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Be Aggressive

a Atlanta Premiere
by Annie Weisman

COMPANY : Synchronicity Performance Group [WEBSITE]
VENUE : 7 Stages [WEBSITE]
ID# 939

SHOWING : May 09, 2004 - June 20, 2004



Cheerleading and Grief Collide in this Black Comedy about a California Cheerleading dealing with her mother's death by taking a road trip to Cheerleading Camp.

props designer Elisabeth Cooper
Stage Manager Rita Ann Marcec
Click to Submit Cast & Crew Info for this production


The low-comdram diet
by troyhill
Monday, June 14, 2004
I agree with Dedalus on a number of points, most importantly on the disjointed feel of the script. Maybe the playwright's goal was just to show us all that a play doesn't have to make a choice between the "wacky cheerleader" comedy and "my mom's dead, but i don't want to grow up" drama, but Annie Weisman proves just the opposite. The play itself begs to be given a solid identity, and I was begging right along with it. This pastry burned before it rose. The comedy is underwhelming and the drama overbaked.

Performance-wise, Megan Hayes as Leslie is enjoyable and serves as the comedic banner carrier. Cheri Christian as Laura finds some nice moments, but, perhaps owing to the script, doesn't always muster the sincerity that makes us care. The first smoothie monologue is fine, but the monologue as a device is overused in the text. Jeff Portell as Laura's father seemed disinterested and borderline apologetic on the night of this performance, and Allison Fleming could not overcome being miscast and tragically miscostumed as Leslie's mother. The cheerleader chorus device was ok for small cheer sequences, but the snippets of character performances were weak.

In terms of overall production values, the scrim scenery panels were an interesting choice but not really a good one for such a small space. As transformable walls they were ok, but the choice of incorporating them into scenes as doors or windows was awkward as was seeing the stagehands waiting behind them during certain scenes. The music choices (typical sports arena fare) and the marketing materials were focused uniformly on the wacky cheerleader aspect of the script which may be a contributing factor in both reviewers' confusion.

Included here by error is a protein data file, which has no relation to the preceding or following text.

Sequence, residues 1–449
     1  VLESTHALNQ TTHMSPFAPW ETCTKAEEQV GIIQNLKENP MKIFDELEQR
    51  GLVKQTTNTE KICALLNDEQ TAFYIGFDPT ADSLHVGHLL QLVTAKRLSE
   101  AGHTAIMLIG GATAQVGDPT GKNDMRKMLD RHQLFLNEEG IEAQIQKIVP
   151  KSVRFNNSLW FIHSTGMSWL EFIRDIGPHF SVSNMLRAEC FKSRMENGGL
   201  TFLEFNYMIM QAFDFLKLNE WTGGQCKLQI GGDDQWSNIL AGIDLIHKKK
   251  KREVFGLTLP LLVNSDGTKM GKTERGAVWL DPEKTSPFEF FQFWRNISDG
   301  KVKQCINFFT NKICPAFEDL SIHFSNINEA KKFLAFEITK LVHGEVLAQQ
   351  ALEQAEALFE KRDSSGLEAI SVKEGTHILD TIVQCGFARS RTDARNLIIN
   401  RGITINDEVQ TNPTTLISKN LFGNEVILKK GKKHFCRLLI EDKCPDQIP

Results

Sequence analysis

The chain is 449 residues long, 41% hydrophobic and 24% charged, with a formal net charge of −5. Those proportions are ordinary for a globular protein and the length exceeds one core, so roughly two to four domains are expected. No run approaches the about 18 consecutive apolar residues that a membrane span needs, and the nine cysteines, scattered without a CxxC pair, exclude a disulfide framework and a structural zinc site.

Ms. Hayes' fun performance, the comfortable seating and my childhood fondness for Twinkies account for the 2 rating. [POST A COMMENT REGARDING THIS REVIEW]
Be Accaricature
by Dedalus
Tuesday, May 18, 2004
It sounds like a good idea – show a teenage girl dealing with grief by running away to Cheerleading Camp. The opportunities for Cultural Satire or Black Comedy or even a simple and moving tale of growing up seem countless. Unfortunately, Synchronicity’s production of “Be Aggressive” by Annie Weisman left me with a very disappointed “Been-There-Seen-That” Feeling.

Most of the problems are with the script. It starts out promisingly enough with a chorus of cheerleaders announcing the death of one of their friend’s mother as if at a pep rally. This is followed by a touching scene of two sisters recovering from the shock of their loss. The problem is, the scenes do not belong in the same play. The opening is pure satire – exaggerated, funny, and “over-the-top.” But the sisters scene is extremely realistic – I could believe these were real girls talking about everything but what was really on their minds. I enjoy plays that challenge our concepts of style and genre, but in this case, the mix had no focus – it had no contextual reason other than contrast for its own sake.

The play went completely off the rails for me with the introduction of the best friend. There were many funny lines and California Girl satire moments, but that’s been done so often and so much better that both characters went no deeper than caricature. What should have been a moving monologue at the end when the death is finally acknowledged comes across flat and emotionless, an actress doing a “set speech,” not a girl grieving her mother.